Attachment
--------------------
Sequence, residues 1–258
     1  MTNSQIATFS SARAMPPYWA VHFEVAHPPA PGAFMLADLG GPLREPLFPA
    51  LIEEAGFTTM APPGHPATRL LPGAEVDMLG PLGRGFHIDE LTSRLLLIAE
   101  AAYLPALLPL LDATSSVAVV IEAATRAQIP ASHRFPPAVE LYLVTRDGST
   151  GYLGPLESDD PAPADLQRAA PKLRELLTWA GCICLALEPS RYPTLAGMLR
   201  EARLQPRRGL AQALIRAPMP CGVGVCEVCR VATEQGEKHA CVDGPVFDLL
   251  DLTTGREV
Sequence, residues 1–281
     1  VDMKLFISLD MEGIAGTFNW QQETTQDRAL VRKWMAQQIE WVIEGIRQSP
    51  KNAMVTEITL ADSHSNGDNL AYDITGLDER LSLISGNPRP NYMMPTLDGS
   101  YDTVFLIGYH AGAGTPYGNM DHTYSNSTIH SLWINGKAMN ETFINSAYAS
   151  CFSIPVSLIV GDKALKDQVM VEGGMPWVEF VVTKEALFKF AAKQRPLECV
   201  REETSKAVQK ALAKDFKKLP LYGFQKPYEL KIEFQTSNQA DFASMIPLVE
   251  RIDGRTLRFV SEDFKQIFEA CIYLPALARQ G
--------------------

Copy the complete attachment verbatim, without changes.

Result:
Sequence, residues 1–258
     1  MTNSQIATFS SARAMPPYWA VHFEVAHPPA PGAFMLADLG GPLREPLFPA
    51  LIEEAGFTTM APPGHPATRL LPGAEVDMLG PLGRGFHIDE LTSRLLLIAE
   101  AAYLPALLPL LDATSSVAVV IEAATRAQIP ASHRFPPAVE LYLVTRDGST
   151  GYLGPLESDD PAPADLQRAA PKLRELLTWA GCICLALEPS RYPTLAGMLR
   201  EARLQPRRGL AQALIRAPMP CGVGVCEVCR VATEQGEKHA CVDGPVFDLL
   251  DLTTGREV
Sequence, residues 1–281
     1  VDMKLFISLD MEGIAGTFNW QQETTQDRAL VRKWMAQQIE WVIEGIRQSP
    51  KNAMVTEITL ADSHSNGDNL AYDITGLDER LSLISGNPRP NYMMPTLDGS
   101  YDTVFLIGYH AGAGTPYGNM DHTYSNSTIH SLWINGKAMN ETFINSAYAS
   151  CFSIPVSLIV GDKALKDQVM VEGGMPWVEF VVTKEALFKF AAKQRPLECV
   201  REETSKAVQK ALAKDFKKLP LYGFQKPYEL KIEFQTSNQA DFASMIPLVE
   251  RIDGRTLRFV SEDFKQIFEA CIYLPALARQ G